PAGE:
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[IP] Multiple "Amusement Parks" replies

"Chris Jones" <email @ redacted> wrote in "Metal Detectors at Amusement
> Say it isn't so!!!  I'm doubting your honesty.  I am just incredulous that
> amusement parks would be using metal detectors.  I someone afraid that  a
> terrorist is going to hijack "Space Mountain"?

Oh yes, many parks use metal detectors now.  Whether or not they do any GOOD
is open to debate, but park management certainly has reason to believe
they're a good idea.  Not just for terrorists -- many city parks (various
Six Flags parks, Kennywood in Pittsburgh, Paramount parks, etc.) have had
problems with gang members bringing weapons in, for instance.  There was a
fight in the parking lot at Six Flags Great Adventure (I believe, although
it may have been Six Flags Magic Mountain) a few years ago.  If the parks
can keep that junk out and keep the parks safe for families and their
children, great!  Personally I don't think the metal detectors actually DO
all that much directly except slow down people going in, but they DO serve
as a deterent if nothing else.  Nothing incredible about it.

"Lori Favreau" <email @ redacted> wrote
> We're heading to Six Flags New England this weekend (in
> Massachusetts).  This will be my first experience riding
> while on the pump.  Any secrets to keeping it secure?

I personally use a Unique Clip-N-Go for the pump, making sure it's velcro'ed
nice and tight.  On rides that bounce around a lot, I'll then tuck that into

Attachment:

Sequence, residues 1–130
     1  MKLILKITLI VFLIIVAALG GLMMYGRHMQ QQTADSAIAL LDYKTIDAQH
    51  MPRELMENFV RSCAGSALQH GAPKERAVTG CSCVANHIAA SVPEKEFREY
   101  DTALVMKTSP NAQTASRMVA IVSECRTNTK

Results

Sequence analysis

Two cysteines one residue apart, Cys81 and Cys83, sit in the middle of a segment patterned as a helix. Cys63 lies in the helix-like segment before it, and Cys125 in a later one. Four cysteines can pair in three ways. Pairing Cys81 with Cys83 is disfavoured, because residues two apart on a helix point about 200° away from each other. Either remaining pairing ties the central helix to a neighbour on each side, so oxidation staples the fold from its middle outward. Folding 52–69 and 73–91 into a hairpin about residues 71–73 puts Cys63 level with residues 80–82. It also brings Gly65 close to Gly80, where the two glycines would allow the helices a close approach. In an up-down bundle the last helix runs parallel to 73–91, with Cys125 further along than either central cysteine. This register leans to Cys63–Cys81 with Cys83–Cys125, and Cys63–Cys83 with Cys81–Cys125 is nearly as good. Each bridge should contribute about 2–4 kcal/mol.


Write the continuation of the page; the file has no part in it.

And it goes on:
my jeans/shorts pocket -- the combination makes sure the pump doesn't go
anywhere.  I'm not sure how you normally wear your pump, but any of the belt
loop type things should be good as long as you make sure they're attached
well and are closed properly.

My sister, who's also a coaster nut and doesn't use the clip-n-go because
she prefers to keep her pump hidden, has no problems just sticking her pump
in a velcro'ed pocket on her shorts.  If you have a pair of cargo shorts
with good sealable pockets (velcro, snaps, etc.), those work wonders -- I
almost always wear cargo shorts to a park if it's warm enough for shorts.

Another possibility, if you wear a belt bag ("fanny pack") for things like
your meter, you may be able to tuck the pump in there.  Just be careful to
not zip right over the tubing!

email @ redacted wrote:

> I've always wondered if Katie should be disconnecting when she goes on
> rollercoasters

I've never bothered.  For one thing, on a busy day when you may be waiting
in line for a good hour, when would be a good time to disconnect?  Before
you get in line?  Not good.  At the station?  Then what do you do with the
pump?  I wouldn't trust leaving it with someone in the station, so it ends
up going on the ride with  you ANYWAY.

> especially the monster one

Which "monster one" is that? :-)

> It just seems to me that there's a very real chance that the
> g-forces could cause the "plunger" thingy in the cartridge
> to be depressed -- even just a little bit would be quite a
> few units for her

I suppose it's always possible, but I've never had a problem, and I've
ridden literally hundreds of roller coasters thousands of times since
getting the pump.  Now, the activity level and adrenaline associated with
going to the parks does drive down my blood sugar ANYWAY (I usually cut my
basal rate to 20% when at a park, AND eat lots of junkfood all day) so it's
possible this HAS happened to me and I never noticed.  However, I doubt it,
and wouldn't consider disconnecting for the reasons above.
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